“Well I am not sure in which country the Prime Minister lives because certainly here in Belize everywhere we go from the length and breadth of our country, everybody will tell you that we are worse off than we were three years ago.  When you look at the employment which is over 14% between youths and women it is over 30%; when you look at the issue of crime that it continues to spiral out of control, no direct foreign investment.  We still don’t see an economic plan as to what it is they are going to do to get Belize out of these problems.  What we do see is a government of crisis management.  Unfortunately whenever he meets these crisis he still cannot solve these problems that are confronting him and his government.”

On the issue of the economy, the Prime Minister says he is expected GDP growth in the area of 2.5% for 2010.  Briceño says the reality on the ground is not backing up the Prime Minister’s statistics.

John Briceno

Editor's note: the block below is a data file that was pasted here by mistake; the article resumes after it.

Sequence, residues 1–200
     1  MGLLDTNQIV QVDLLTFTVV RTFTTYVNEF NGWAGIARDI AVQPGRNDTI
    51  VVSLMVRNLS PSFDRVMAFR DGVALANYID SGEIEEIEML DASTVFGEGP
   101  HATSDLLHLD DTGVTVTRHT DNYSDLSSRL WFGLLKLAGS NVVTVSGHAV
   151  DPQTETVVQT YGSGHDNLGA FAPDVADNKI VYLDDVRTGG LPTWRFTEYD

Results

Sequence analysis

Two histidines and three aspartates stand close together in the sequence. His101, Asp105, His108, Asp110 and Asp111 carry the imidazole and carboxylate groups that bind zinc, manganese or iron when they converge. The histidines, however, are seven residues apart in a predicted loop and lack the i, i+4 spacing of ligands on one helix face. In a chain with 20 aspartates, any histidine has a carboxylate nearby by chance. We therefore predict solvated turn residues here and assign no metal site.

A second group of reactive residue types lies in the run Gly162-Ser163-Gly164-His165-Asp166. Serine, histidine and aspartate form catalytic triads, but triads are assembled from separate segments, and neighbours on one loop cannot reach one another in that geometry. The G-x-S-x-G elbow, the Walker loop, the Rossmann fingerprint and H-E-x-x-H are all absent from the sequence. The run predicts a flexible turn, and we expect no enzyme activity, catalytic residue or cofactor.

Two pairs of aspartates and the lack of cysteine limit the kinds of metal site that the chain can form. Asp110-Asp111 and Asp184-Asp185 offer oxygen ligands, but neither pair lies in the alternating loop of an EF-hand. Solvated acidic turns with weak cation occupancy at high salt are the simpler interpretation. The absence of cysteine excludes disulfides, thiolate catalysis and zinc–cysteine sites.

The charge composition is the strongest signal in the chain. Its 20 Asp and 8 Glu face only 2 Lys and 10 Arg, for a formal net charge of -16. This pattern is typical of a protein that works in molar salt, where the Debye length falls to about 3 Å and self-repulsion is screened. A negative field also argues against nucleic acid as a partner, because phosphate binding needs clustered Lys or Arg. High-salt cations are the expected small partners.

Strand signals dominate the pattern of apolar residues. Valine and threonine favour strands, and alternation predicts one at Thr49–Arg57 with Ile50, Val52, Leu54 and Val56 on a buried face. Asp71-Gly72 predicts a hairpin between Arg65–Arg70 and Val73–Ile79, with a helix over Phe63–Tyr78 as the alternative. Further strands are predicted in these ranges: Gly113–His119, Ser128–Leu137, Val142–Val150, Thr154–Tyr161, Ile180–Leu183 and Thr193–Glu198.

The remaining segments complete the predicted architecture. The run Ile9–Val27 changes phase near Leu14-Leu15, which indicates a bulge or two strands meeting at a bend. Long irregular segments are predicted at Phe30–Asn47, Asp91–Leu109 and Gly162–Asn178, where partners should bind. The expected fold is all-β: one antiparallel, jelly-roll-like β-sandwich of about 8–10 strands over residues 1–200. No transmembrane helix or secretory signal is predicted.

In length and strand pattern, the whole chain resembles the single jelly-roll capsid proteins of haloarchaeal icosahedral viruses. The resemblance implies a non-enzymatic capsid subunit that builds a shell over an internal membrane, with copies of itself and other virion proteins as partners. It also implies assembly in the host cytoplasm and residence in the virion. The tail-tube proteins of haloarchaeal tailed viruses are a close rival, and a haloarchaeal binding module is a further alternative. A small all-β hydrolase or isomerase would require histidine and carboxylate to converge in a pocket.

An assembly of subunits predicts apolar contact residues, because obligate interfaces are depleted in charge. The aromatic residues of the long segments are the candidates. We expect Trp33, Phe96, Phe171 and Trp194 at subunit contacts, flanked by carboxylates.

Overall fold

“Everywhere you go, you can ask from the big investors or big businesspeople in Belize to the small shop owners everyone will tell you that the economy is bad, people are not spending.  Belizeans have no confidence in the economy that is why they are not spending.  There are certain indicators that can tell you.  When the Prime Minister talks about that the GST while they have collected more, they fell short from what they expected to get by several tens of millions of dollars that is an indication that people are not buying anymore because they don’t have the money.  When you go to the banks, the banks will tell you they have excess liquidity because Belizeans are not investing, they are not investing in their homes, or investing in businesses or spending, consumer spending that is not happening because they are uncertain of the future under a UDP Government. These are certain indicators that can tell you that there is no confidence in the Barrow administration.”